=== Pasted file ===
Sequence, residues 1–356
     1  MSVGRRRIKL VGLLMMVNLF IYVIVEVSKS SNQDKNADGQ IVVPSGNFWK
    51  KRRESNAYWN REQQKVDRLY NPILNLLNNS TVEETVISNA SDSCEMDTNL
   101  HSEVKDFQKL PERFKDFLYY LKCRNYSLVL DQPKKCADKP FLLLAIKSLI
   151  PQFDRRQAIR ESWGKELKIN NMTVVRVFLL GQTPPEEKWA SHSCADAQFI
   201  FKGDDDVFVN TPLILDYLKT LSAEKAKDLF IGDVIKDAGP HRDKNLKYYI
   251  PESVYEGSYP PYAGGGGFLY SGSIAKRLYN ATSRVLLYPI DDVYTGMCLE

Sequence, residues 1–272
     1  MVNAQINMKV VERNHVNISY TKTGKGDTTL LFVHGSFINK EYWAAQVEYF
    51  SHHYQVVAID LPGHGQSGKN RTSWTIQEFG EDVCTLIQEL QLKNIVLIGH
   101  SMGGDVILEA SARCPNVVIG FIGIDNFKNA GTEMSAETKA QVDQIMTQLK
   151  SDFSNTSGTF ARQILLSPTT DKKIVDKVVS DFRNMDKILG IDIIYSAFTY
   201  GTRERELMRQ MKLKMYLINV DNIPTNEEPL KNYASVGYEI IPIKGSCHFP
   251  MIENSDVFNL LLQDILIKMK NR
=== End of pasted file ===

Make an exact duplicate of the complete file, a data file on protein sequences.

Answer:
Sequence, residues 1–356
     1  MSVGRRRIKL VGLLMMVNLF IYVIVEVSKS SNQDKNADGQ IVVPSGNFWK
    51  KRRESNAYWN REQQKVDRLY NPILNLLNNS TVEETVISNA SDSCEMDTNL
   101  HSEVKDFQKL PERFKDFLYY LKCRNYSLVL DQPKKCADKP FLLLAIKSLI
   151  PQFDRRQAIR ESWGKELKIN NMTVVRVFLL GQTPPEEKWA SHSCADAQFI
   201  FKGDDDVFVN TPLILDYLKT LSAEKAKDLF IGDVIKDAGP HRDKNLKYYI
   251  PESVYEGSYP PYAGGGGFLY SGSIAKRLYN ATSRVLLYPI DDVYTGMCLE

Sequence, residues 1–272
     1  MVNAQINMKV VERNHVNISY TKTGKGDTTL LFVHGSFINK EYWAAQVEYF
    51  SHHYQVVAID LPGHGQSGKN RTSWTIQEFG EDVCTLIQEL QLKNIVLIGH
   101  SMGGDVILEA SARCPNVVIG FIGIDNFKNA GTEMSAETKA QVDQIMTQLK
   151  SDFSNTSGTF ARQILLSPTT DKKIVDKVVS DFRNMDKILG IDIIYSAFTY
   201  GTRERELMRQ MKLKMYLINV DNIPTNEEPL KNYASVGYEI IPIKGSCHFP
   251  MIENSDVFNL LLQDILIKMK NR